The United States is founded on the principle of separation between religion and the state.  The United States has no religion nor does it favor any government, movement or ideology that has a religious or nationalist identity.  Religion is a personal matter and has no place in American politics and statecraft.    All persons may speak, blog, paint, photograph, video, write or publish as they please so long as they do not infringe upon the rights of others. The United States government will not punish journalists and whistle-blowers, will not mislead  people via newspapers, radio, television, movies, social media, the Internet or any future technology.   

The people are free to participate in civil disobedience, boycotts, demonstrations, marches, protests, rallies, recalls, sit-ins and strikes targeting corporations, politicians and the government itself.   The government will not outsource any activity that the Bill of Rights prohibits, nor will it establish constitution free zones at airports, border crossings, ports of entry or border regions.

That seems a fair interpretation, and the last statement implies that the U.S. government is breaking this first amendment in its so-called "free zones at airports" etc., where it evolves that the police suddenly gets the force to inspect your laptop, etc. ("because the Constitution does not apply here").

Incidentally, it might have been added in the interpretation that "
freedom of speech" is neither equivalent with nor does it imply "freedom to support with as
much money as one has the goals that one shares" (which gives millionaires and billionaires far more powers than they should have by the totally false equivocation of "money" and "speech"), but then I agree this is an utterly nonsensical equivocation, even though it was supported by a - conservative - majority of the U.S. Supreme Court.

And next I quote this:

Amendment 4

The right of the people to be secure in their persons, houses, papers, and effects, against unreasonable searches and seizures, shall not be violated, and no Warrants shall issue, but upon probable cause, supported by Oath or affirmation, and particularly describing the place to be searched, and the persons or things to be seized.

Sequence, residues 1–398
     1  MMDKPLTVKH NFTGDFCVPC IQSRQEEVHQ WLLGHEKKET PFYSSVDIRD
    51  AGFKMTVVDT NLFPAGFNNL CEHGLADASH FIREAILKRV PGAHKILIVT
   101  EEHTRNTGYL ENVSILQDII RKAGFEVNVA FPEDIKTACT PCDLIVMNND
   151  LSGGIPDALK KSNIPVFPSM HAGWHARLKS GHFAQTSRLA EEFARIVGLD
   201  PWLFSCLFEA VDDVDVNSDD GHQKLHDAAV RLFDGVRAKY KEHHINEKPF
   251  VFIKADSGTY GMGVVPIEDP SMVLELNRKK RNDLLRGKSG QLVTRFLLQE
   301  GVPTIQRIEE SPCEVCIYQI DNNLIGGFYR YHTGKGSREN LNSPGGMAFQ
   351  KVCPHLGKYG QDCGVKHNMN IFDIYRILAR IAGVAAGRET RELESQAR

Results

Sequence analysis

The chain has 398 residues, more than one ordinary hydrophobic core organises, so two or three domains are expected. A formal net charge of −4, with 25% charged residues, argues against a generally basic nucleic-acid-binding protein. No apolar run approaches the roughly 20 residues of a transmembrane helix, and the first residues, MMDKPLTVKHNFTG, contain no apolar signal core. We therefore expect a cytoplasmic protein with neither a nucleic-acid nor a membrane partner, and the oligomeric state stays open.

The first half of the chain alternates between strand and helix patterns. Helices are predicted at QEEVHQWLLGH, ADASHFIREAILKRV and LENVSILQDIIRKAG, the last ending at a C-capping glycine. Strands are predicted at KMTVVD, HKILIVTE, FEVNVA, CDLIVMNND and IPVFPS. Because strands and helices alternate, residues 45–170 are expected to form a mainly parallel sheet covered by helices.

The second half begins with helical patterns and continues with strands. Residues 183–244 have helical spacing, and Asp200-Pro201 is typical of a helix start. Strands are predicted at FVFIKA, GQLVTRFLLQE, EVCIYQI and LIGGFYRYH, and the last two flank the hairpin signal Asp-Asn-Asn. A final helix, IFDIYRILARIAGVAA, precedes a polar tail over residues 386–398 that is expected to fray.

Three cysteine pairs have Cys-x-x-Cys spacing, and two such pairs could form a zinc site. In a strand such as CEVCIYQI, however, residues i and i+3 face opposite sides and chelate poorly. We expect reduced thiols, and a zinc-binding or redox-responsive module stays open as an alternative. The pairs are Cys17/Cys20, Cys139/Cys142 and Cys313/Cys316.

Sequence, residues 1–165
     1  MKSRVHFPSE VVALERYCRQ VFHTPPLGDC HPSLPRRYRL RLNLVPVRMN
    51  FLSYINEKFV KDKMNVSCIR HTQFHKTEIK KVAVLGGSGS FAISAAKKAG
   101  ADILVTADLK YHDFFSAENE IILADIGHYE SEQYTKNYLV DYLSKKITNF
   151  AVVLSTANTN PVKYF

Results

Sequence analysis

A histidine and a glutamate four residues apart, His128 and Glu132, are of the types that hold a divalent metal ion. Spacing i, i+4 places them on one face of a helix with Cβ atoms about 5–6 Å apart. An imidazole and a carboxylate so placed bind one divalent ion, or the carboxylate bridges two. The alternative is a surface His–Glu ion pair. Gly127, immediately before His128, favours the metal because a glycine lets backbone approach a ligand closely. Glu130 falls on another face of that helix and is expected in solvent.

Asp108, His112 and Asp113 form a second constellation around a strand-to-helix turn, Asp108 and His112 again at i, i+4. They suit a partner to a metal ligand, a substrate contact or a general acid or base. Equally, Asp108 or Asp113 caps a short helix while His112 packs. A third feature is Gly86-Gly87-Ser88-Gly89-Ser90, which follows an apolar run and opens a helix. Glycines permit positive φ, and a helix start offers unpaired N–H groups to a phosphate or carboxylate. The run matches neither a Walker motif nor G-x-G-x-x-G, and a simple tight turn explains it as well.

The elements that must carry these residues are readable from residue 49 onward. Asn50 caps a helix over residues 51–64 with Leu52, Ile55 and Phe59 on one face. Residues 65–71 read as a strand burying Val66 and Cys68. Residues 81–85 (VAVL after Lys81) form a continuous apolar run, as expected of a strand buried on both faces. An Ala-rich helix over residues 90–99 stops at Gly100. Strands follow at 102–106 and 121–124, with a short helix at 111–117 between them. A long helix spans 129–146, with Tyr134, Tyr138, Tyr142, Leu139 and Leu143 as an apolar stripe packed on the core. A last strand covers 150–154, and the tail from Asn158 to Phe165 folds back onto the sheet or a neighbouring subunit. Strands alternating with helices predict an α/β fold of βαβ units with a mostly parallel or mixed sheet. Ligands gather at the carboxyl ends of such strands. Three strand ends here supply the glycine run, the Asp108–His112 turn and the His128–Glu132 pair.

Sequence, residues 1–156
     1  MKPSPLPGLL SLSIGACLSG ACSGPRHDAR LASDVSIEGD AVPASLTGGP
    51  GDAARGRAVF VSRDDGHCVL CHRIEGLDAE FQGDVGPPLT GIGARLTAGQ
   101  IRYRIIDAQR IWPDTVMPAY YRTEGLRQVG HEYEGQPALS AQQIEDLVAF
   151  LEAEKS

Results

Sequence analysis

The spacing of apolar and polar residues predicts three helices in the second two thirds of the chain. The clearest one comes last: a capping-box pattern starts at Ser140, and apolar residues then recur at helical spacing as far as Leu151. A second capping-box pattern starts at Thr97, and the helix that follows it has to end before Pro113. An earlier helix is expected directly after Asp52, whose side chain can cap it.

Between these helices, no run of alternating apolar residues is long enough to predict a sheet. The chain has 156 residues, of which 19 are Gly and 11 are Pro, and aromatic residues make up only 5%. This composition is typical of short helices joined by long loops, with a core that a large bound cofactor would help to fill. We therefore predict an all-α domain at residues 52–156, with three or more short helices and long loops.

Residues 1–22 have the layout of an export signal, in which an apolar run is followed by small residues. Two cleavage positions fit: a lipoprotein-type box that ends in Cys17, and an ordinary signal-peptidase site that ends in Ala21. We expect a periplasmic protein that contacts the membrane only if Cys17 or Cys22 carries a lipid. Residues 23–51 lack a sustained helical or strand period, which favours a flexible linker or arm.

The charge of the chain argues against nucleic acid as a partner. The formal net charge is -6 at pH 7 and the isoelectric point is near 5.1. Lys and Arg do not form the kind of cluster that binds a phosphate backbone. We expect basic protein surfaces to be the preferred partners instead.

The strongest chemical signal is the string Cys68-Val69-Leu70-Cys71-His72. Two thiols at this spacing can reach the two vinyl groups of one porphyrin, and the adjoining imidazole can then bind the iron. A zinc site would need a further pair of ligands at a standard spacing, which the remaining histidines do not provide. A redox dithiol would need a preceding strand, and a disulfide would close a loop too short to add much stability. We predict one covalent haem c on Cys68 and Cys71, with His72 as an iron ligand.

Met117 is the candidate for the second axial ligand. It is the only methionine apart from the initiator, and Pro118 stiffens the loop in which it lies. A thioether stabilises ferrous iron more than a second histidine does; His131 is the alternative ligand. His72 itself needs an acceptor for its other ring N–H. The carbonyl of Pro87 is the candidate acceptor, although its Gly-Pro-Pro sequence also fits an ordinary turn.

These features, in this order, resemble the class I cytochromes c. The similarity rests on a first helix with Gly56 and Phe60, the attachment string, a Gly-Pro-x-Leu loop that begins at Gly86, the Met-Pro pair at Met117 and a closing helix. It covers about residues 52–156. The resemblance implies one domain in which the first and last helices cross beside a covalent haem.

Translation:

The government, its agents, contractors, peace officers and military will not confiscate, copy, disrupt, monitor, record, spy on, surveil, search, seize, track or video the archives, art, banking records, books, briefcases, cables, cassettes, cell phones, cell phone towers, cloud storage, computer drives, credit card receipts, crypto currency wallets, deliveries, desk tops, diaries, drawings, electric consumption, employment records, Facebook pages, financial records, files, folders, hard discs, health records, journals, hand-written letters, Internet activity, kindles, laptops, library records, license plates, luggage, magazine subscriptions, medical records, packages, papers, pockets, political activity, private conversations, purses, religious texts, social media, spread sheets, tapes, telegrams, telephone records, television usage, texts, thumb drives, travel histories, Twitter accounts, wifi, word documents, automobile, home, office, business, private property, rental space… without just probable cause that spells out the specific reason and specific person or thing to be exempted from this rule. The reason must be clearly stated to the accused and no fishing expeditions are permitted. This rule will apply equally regardless of race, color, appearance, dress or form of speech.

The government will not detain, stop, frisk, interrogate, delay, strip search, scan, fingerprint, iris scan or palm scan any person without specific probable cause. Government will not, without probable cause, impede the movement of people, create black-lists, no-fly lists and watch lists.

The Fourth Amendment prohibits government agents from touching you or placing you under surveillance or entering your property without probable cause and even then, only with a court-sanctioned warrant. Unfortunately, the Fourth Amendment has been all but eviscerated in recent years by court rulings and government programs that sanction all manner of intrusions, including giving police carte blanche authority to break into homes or apartments without a warrant, conduct roadside strip searches, and generally manhandle any person in manner they see fit. Moreover, in the so-called name of national security, intelligence agencies like the National Security Agency now have the ability to conduct mass unwarranted electronic intrusions into the personal and private transactions of all Americans, including phone, mail, computer and medical records.